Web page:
Law enforcement requests for electronic information, particularly from technology companies such as Google and Twitter, have skyrocketed in recent years. In response, several states—Maine and Texasin 2013, Utah in 2014 and Virginia earlier in 2015—passed laws that limit law enforcement searches of electronic data. On October 9, 2015, California joined these states by passing the California Electronic Communications Privacy Act (CalECPA), which is intended to protect California residents from unauthorized invasion of their digital privacy.
CalECPA applies to “electronic information,” which includes both “electronic communication information” and “electronic device information”:
- Electronic communication information means “any information about an electronic communication or the use of an electronic communication service including … any information pertaining to any individual or device participating in the communication.”
- Electronic device information means “any information stored on or generated through the operation of an electronic device, including the current and prior locations of the device.”
CalECPA generally requires a warrant before any business turns over any individual’s electronic information. Specifically, CalECPA prohibits any government entity that does not have a valid warrant or court order:
- Compelling an electronic communication service provider to produce or access electronic communication information;
- Compelling any person or entity other than the authorized possessor of the device to produce or access electronic device information; or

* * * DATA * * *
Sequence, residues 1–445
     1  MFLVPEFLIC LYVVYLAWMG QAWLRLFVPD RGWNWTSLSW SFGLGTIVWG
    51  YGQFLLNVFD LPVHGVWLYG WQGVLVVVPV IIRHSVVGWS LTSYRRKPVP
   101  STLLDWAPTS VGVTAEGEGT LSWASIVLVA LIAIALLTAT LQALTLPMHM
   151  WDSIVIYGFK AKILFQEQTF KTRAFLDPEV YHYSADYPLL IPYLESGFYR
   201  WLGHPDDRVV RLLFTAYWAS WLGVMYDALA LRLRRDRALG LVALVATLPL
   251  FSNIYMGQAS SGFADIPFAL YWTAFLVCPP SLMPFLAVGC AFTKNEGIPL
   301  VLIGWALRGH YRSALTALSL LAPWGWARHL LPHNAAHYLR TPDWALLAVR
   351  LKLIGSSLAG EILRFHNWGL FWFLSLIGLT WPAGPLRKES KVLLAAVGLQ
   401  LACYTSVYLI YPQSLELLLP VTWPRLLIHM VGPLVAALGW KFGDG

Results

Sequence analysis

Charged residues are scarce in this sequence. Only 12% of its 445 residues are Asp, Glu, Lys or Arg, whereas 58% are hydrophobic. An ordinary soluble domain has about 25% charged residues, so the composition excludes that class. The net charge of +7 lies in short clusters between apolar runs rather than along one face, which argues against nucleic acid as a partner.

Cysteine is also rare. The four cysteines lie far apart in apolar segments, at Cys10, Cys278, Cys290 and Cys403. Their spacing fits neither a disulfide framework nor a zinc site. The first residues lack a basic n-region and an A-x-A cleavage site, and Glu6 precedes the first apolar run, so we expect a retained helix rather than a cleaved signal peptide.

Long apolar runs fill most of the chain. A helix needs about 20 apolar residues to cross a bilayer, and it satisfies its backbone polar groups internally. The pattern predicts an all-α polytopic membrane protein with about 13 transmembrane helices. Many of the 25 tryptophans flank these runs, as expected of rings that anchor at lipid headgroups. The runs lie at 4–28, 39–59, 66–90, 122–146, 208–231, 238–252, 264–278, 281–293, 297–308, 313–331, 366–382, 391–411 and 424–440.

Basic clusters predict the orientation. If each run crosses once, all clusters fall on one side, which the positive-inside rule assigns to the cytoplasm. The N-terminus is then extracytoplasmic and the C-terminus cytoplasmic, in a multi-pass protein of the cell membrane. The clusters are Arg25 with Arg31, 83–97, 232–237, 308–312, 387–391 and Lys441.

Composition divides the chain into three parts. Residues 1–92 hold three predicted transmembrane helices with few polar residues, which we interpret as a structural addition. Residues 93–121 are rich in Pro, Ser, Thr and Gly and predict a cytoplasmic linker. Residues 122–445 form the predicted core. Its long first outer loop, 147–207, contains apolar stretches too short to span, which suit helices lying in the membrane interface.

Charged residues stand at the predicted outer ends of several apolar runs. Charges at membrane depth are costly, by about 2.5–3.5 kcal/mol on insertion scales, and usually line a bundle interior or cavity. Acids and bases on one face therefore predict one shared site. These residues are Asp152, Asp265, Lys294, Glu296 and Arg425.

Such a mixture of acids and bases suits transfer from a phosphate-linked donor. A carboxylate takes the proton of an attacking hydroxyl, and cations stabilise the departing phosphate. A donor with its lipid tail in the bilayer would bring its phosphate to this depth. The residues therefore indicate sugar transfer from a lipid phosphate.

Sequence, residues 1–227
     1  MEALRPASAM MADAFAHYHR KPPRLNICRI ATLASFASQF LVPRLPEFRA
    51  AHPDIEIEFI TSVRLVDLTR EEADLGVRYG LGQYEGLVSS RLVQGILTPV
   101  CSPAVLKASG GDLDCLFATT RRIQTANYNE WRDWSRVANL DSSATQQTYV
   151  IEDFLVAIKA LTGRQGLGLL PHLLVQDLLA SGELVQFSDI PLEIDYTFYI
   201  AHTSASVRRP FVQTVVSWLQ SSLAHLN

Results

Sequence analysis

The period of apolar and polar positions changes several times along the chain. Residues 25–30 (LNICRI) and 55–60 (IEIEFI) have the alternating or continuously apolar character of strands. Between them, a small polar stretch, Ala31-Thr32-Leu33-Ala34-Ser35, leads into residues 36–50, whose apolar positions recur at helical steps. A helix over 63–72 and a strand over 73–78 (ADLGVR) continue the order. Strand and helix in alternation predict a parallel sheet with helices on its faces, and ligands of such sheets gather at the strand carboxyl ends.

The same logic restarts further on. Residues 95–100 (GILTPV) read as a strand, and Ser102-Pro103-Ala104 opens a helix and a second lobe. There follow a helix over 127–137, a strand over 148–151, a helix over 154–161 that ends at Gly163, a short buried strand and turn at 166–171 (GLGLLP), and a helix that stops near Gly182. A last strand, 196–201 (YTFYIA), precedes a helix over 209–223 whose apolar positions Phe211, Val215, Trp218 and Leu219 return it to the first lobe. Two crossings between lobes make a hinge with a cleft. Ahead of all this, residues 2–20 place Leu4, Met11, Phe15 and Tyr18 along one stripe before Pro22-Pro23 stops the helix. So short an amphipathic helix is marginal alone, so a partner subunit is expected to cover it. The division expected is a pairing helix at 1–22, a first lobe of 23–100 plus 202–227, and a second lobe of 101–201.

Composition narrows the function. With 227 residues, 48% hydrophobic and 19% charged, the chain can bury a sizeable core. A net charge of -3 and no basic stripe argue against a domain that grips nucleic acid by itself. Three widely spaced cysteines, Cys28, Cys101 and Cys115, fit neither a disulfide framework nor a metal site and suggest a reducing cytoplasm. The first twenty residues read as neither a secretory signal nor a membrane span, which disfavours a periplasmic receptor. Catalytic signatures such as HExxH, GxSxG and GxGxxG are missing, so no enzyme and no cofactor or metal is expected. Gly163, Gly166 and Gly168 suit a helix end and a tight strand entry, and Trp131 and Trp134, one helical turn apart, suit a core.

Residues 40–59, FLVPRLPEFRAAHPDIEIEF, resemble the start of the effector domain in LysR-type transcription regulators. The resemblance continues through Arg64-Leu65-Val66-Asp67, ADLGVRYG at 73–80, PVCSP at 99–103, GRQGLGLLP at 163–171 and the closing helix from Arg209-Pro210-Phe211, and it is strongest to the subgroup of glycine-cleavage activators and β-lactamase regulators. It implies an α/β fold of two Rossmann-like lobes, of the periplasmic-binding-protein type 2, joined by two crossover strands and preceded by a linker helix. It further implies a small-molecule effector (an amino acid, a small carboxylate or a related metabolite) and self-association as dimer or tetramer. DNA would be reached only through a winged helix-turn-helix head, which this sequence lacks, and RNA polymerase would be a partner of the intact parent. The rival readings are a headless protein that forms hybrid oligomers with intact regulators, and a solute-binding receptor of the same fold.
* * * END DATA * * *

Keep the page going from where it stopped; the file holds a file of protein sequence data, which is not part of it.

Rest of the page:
- Accessing electronic device information by physical interaction or electronic communication with the electronic device.
In addition, CalECPA requires:
- A government entity to notify the target of an investigation about the electronic information covered by the search warrant; and
- A “service provider” to verify the authenticity of electronic information that it produces pursuant to a warrant or government request.
CalECPA also permits a service provider to voluntarily disclose electronic communication information when disclosure is not otherwise prohibited by law.
Why CalECPA matters? CalECPA extends privacy rights to electronic data in a way that federal law has not: it bars any state law enforcement or investigative entity from compelling a business to turn over any metadata or digital communication—including emails, texts, documents stored in the cloud—without a warrant. It also requires a warrant to search or track the location of a business’ electronic devices like mobile phones. Also, no business (or its officers, employees and agents) may be subject to any cause of action for providing information or assistance pursuant to a warrant or court order under CalECPA.